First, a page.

Sarah Collins Rudolph had appealed to local and state leaders in Alabama for years, asking for some form of restitution, after the 1963 bombing of the Sixteenth Street Baptist Church in Birmingham, Ala. The explosion blinded her right eye, killed her sister and three other girls, and started a struggle with injuries and trauma that weighs on Ms. Rudolph to this day.
This week, after 57 years, a formal apology from the governor of Alabama brought her one step closer to resolution.
The victims and their families “suffered an egregious injustice that has yielded untold pain and suffering over the ensuing decades,” Gov. Kay Ivey wrote in a letter dated Wednesday. “For that, they most certainly deserve a sincere, heartfelt apology — an apology that I extend today without hesitation or reservation.”
Lawyers representing Ms. Rudolph, 69, said that while the apology was extremely significant and meaningful to their client, an Alabama native, it was only part of what was needed. In a Sept. 14 letter to the governor, they called on the state not just to apologize but also to compensate Ms. Rudolph “to right the wrongs that its past leaders encouraged and incited.”
Ishan Bhabha, one of her lawyers, said on Saturday that the quest for restitution had always been a “two-part endeavor.”
He said that Ms. Rudolph lives with physical disabilities resulting from the explosion that have curtailed her opportunities in life and that she has tremendous medical bills to pay, adding that the explosion had “put her life on a fundamentally different track.”
Ms. Rudolph still bears the scars from when dynamite exploded at the church, killing four Black girls: Denise McNair, who was 11, and Carole Robertson, Cynthia Wesley and Addie Mae Collins, Ms. Rudolph’s sister, who were 14.
She spent more than a month in the hospital, missing her sister’s funeral, after surgeons had removed more than 20 shards of glass from her body. It took a long time before she was able to talk openly about being the “fifth girl” in the infamous bombing of the church by Ku Klux Klan members, Ms. Rudolph said in an interview in September. The explosion, she said, “shook the whole city of Birmingham.”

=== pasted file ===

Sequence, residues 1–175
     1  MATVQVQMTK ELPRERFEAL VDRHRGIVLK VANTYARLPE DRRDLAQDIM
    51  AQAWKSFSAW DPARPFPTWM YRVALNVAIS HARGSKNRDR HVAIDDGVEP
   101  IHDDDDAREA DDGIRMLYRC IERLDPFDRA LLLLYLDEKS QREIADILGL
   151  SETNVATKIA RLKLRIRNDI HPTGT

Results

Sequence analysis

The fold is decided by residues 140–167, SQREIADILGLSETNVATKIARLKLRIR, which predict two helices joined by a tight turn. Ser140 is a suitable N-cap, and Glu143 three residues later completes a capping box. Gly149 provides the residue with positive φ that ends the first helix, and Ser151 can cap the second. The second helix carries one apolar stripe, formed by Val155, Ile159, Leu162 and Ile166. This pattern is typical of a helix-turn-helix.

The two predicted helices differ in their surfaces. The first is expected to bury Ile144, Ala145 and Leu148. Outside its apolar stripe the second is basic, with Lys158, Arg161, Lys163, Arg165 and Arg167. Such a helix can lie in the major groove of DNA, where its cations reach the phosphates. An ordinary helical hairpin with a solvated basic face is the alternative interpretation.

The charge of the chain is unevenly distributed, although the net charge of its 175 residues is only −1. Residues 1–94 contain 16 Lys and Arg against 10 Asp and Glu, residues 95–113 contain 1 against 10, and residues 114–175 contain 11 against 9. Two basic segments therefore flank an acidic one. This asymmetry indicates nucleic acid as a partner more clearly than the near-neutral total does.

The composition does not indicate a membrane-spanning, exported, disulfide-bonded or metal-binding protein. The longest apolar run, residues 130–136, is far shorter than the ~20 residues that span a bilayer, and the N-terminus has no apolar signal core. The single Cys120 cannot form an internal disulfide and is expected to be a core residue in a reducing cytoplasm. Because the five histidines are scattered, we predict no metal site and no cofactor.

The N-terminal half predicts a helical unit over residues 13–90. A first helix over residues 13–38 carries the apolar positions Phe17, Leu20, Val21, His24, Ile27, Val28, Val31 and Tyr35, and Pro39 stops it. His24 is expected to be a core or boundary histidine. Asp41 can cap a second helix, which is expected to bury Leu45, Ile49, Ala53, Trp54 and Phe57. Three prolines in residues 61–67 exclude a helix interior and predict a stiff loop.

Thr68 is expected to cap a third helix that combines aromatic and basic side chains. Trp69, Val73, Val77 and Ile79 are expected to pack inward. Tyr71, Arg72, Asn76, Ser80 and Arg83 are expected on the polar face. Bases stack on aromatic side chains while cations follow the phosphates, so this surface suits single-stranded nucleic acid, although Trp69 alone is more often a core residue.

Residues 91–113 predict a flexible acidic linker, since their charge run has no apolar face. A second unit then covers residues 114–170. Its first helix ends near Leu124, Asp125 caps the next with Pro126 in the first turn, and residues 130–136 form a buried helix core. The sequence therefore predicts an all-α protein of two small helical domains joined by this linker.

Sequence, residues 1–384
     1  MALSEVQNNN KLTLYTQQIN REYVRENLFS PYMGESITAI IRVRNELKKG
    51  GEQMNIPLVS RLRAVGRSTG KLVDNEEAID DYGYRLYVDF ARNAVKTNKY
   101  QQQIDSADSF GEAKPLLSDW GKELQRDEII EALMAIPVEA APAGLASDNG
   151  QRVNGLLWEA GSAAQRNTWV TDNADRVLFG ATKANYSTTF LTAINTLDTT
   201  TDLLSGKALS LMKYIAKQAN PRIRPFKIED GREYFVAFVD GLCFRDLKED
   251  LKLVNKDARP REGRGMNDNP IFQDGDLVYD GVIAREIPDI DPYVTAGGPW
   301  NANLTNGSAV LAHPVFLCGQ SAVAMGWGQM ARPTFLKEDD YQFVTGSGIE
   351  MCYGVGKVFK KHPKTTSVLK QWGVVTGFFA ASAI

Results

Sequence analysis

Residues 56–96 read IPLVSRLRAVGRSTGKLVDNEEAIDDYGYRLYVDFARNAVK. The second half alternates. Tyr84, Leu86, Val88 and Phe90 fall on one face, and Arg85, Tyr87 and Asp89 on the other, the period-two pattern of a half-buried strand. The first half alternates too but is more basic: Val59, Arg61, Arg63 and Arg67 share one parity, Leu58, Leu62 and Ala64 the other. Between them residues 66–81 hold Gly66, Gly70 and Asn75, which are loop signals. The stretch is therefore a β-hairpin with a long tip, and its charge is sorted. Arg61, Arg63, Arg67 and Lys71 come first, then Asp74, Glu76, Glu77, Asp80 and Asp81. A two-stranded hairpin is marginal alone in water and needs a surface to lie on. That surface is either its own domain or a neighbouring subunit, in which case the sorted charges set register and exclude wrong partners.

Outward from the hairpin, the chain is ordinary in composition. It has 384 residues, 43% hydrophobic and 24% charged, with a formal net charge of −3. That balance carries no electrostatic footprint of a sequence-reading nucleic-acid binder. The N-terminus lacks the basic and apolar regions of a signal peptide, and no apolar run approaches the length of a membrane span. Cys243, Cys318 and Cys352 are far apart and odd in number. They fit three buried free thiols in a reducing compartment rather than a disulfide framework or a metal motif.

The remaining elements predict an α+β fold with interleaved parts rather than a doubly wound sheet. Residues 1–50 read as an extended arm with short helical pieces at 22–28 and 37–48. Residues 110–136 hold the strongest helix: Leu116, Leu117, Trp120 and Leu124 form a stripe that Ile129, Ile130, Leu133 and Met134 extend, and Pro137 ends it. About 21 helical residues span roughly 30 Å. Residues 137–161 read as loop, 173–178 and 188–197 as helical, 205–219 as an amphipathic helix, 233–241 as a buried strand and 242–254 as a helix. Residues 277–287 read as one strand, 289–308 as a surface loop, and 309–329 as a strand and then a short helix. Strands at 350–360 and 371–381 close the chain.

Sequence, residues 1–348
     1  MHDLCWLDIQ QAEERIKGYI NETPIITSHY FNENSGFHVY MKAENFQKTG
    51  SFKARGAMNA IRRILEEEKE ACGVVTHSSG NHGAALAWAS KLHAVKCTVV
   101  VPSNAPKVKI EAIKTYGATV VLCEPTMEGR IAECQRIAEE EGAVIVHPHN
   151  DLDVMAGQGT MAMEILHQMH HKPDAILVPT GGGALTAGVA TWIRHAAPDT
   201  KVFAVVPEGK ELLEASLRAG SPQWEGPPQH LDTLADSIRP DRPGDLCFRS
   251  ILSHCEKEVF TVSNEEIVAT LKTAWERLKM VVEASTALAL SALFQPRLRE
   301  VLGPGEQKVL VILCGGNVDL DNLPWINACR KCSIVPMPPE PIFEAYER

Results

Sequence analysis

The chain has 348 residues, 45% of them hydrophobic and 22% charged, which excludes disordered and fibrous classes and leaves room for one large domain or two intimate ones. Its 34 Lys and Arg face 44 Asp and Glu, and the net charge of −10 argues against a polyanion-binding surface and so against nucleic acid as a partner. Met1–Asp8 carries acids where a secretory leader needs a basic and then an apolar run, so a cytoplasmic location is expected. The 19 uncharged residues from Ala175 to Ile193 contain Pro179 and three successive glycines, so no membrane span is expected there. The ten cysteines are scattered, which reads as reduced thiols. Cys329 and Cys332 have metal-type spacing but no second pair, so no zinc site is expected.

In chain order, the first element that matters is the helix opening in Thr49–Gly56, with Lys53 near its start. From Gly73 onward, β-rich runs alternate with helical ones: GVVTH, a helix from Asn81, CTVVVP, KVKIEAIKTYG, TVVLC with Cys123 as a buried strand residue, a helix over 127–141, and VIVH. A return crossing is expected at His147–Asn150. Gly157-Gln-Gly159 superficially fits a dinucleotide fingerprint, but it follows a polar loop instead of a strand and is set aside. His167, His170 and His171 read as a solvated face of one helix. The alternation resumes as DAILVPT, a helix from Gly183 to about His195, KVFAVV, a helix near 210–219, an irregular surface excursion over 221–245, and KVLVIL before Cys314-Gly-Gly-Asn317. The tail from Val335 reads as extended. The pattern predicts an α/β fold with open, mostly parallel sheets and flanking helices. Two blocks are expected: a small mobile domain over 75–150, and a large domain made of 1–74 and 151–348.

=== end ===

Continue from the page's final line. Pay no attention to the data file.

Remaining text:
In her letter of apology on Wednesday, which was addressed to Mr. Bhabha, Ms. Ivey wrote that the day of the bombing, “Sept. 15, 1963, was one of the darkest days in Alabama’s history.” But she wrote that “many would question whether the State can be held legally responsible for what happened at the Sixteenth Street Baptist Church so long ago.”
Mr. Bhabha said that while Alabama is very different today than it was in 1963, when the governor, George Wallace, was promising “segregation now, segregation tomorrow, segregation forever,” the state had still played a crucial role in the attacks by protecting those responsible for years afterward. The first defendant in the case was not convicted until 1977, and others not until after the turn of the century.
“You don’t have those kinds of events without an environment created to facilitate them,” Mr. Bhabha said.
Ms. Ivey’s letter did not close the door to restitution. She suggested that lawyers from her office and the State Legislature meet with Ms. Rudolph’s representatives to discuss the issue further. Alison Stein, another of Ms. Rudolph’s lawyers, said they were looking forward to a “cooperative process” with the governor’s office.
The bombing of the church attracted national outrage at a pivotal moment in the civil rights movement, thrusting the horrors of racism into the spotlight and influencing future legislation. The governor’s apology comes at another moment when violence against Black Americans is in the national spotlight, and outraged demonstrators have taken to the streets to condemn systemic racism.
Now, “some measure of justice” for Ms. Rudolph is finally achievable, Mr. Bhabha said.
Allyson Waller contributed reporting.